Energy Talks … But Who is Listening?

Other than the presidential elections, energy efficiency has taken center stage. In the last month alone, I have seen at least a dozen special reports on everything from climate change policies to fuel-efficient cars and even organic milk—which as advertised on the carton, uses 100% clean wind energy to produce its products.

It is certainly a “green” fever of sorts to which the water and wastewater industry is not immune, either.

It is not just the green trend, however, that has raised energy awareness. Rising energy prices have pressed wastewater facilities to turn to renewable energy solutions.

According to the U.S. EPA, energy accounts for 30% of the operating and maintenance costs of most wastewater treatment plants and demand for electricity is only expected to grow in the next decade.

Technological advances are also making strides in this green field. Today, more resources than ever are focused on the development of wastewater treatment solutions and alternative energy resources.

The Water Environment Research Foundation’s State of Science Report: Energy and Resource Recovery from Sludge said, “Sustainable wastewater treatment, with a reduced carbon footprint, is now becoming a goal of technical exploration and experimentation. The view of municipal sewage has shifted from waste to be treated and disposed of, to a resource that can be processed for recovery of energy, nutrients and other constituents.”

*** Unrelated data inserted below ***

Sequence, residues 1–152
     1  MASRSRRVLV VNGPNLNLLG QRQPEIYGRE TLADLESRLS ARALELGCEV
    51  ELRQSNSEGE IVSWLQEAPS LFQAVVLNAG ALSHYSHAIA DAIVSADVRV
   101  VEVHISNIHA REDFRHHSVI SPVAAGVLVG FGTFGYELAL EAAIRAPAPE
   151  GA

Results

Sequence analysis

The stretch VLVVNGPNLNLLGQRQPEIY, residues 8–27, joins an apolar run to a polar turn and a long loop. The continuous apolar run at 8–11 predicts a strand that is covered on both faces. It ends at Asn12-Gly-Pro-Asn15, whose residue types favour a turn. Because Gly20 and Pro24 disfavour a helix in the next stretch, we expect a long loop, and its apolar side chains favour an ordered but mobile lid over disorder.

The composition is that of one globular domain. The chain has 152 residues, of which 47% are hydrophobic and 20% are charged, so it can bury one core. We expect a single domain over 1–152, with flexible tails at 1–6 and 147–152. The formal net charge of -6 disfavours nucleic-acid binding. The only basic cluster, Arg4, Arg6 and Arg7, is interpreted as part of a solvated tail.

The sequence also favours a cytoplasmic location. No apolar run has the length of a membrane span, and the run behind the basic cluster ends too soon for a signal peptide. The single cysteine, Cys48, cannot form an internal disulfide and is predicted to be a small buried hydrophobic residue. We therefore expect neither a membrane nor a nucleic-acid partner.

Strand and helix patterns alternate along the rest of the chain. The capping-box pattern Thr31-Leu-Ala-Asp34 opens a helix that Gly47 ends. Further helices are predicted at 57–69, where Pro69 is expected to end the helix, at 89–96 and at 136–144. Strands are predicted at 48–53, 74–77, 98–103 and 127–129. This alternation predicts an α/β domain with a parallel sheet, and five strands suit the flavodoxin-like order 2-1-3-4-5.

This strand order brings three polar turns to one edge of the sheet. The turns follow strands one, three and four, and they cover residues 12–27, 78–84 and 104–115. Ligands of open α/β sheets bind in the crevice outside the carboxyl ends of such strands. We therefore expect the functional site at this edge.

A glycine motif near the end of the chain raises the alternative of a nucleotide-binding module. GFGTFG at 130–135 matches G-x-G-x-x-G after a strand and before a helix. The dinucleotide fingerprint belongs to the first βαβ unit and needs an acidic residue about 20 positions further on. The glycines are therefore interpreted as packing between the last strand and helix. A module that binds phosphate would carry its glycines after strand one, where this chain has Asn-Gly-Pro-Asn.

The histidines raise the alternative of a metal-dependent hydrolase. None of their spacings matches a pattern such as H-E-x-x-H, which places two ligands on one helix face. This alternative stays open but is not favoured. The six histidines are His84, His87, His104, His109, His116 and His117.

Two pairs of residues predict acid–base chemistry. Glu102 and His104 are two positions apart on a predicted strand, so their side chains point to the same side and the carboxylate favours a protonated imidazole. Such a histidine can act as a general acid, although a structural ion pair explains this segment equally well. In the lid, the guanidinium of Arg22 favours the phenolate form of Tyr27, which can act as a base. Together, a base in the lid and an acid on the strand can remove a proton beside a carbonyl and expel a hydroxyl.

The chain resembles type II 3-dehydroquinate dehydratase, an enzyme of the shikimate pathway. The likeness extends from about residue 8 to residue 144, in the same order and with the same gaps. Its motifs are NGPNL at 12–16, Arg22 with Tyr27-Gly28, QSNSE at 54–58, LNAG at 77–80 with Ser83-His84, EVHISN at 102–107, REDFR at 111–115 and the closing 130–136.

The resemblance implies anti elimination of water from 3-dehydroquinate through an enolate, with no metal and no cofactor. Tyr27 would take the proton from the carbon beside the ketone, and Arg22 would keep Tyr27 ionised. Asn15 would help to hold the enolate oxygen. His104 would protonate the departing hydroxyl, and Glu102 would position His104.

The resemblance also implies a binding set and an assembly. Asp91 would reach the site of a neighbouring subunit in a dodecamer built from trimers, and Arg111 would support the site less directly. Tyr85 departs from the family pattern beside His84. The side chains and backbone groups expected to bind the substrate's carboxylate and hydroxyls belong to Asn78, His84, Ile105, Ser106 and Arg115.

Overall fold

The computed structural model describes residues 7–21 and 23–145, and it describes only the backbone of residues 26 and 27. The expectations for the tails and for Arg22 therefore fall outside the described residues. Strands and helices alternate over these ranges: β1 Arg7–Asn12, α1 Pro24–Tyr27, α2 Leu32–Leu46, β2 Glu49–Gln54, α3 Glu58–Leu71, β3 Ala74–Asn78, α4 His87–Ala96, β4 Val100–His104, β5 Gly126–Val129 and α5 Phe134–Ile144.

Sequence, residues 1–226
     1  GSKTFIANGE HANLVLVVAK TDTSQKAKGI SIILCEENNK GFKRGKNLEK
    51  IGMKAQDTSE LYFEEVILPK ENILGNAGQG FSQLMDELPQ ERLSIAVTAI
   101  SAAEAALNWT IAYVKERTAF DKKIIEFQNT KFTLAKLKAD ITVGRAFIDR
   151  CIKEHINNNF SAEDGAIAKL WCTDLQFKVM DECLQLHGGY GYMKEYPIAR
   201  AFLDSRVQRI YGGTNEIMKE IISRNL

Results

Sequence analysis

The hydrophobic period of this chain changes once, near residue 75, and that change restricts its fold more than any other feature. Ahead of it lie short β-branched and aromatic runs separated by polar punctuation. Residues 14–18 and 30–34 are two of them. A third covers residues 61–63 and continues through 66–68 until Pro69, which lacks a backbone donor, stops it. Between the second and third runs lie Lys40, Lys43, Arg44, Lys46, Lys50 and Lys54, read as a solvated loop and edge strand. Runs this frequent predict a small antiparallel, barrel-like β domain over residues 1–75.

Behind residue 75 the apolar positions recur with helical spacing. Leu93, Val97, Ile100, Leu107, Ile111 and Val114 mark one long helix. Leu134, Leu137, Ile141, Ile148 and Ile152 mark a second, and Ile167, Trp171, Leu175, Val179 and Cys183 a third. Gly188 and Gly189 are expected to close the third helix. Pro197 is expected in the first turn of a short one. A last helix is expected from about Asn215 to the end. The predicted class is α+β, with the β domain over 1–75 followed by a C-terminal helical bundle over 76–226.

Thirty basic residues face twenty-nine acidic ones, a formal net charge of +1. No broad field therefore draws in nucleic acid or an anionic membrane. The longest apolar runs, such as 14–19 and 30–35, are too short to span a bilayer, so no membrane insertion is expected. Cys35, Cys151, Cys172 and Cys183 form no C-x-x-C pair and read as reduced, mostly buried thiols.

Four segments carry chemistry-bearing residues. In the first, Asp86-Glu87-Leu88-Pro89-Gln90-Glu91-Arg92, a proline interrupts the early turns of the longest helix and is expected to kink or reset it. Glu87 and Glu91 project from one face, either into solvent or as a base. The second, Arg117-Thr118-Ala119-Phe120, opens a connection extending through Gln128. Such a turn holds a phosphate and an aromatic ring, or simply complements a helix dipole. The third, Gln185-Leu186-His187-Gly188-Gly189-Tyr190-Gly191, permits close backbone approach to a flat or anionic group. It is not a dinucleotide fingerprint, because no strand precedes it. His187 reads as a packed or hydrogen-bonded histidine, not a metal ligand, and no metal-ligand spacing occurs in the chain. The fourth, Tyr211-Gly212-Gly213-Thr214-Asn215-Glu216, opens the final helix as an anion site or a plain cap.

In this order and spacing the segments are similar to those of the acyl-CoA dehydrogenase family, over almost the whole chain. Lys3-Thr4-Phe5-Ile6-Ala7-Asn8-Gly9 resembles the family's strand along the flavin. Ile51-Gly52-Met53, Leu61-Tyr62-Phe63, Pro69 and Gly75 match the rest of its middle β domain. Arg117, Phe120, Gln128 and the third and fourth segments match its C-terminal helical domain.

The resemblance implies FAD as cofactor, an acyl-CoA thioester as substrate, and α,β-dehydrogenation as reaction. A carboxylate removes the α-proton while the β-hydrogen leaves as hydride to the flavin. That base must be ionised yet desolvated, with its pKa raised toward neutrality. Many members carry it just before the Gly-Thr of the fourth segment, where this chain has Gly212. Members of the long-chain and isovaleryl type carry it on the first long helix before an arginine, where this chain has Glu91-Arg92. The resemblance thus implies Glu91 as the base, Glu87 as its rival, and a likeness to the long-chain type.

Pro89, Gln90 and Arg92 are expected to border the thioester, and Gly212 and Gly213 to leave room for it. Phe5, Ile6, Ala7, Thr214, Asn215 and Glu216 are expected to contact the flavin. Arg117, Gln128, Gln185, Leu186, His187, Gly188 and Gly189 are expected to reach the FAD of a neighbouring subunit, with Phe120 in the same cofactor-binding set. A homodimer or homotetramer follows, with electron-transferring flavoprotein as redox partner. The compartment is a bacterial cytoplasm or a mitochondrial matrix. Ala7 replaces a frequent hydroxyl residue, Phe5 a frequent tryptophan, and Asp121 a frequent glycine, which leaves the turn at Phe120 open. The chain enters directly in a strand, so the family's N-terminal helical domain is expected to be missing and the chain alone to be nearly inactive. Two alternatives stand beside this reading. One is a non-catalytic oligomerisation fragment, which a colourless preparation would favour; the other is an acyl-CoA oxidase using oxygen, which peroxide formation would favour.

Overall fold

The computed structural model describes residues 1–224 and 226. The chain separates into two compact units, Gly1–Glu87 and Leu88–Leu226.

The U.S. has 16,500-plus wastewater treatment facilities and produces 6.5 million tons of dry solids annually, according to the report. Currently, less than 10% of sludge is being reused—45% goes to combined disposal (incineration and landfills) and 49% goes to land application.

While the interest in capturing renewable energy at wastewater treatment plants will continue to grow, energy efficiency doesn’t come cheap. In order for waste-water plant managers to turn to renewable energy solutions, the energy recovery technology must not only meet newly mandated environmental initiatives, but it must be affordable as well.

With lack of funding looming, it may be difficult for some municipal water and wastewater facilities to implement the technologies that can actually help them plug the energy hole that currently drains their municipal budgets.

On the flip side, there may be some legislative help on the way. Last August, the U.S. House of Representatives passed a broad energy package that includes authorization for a $10-billion energy block grant program for cities, counties and states.

The new grant program will be established by the U.S. Department of Energy and will provide grants for communities to develop energy efficiency strategies to help reduce greenhouse gas emissions.

Until then, wastewater plant managers should keep their ear to the ground for new energy mandates, and if new renewable energy technology is not yet in their budget reach, they should be prepared to at least inspect their facility and identify areas of inefficiency.

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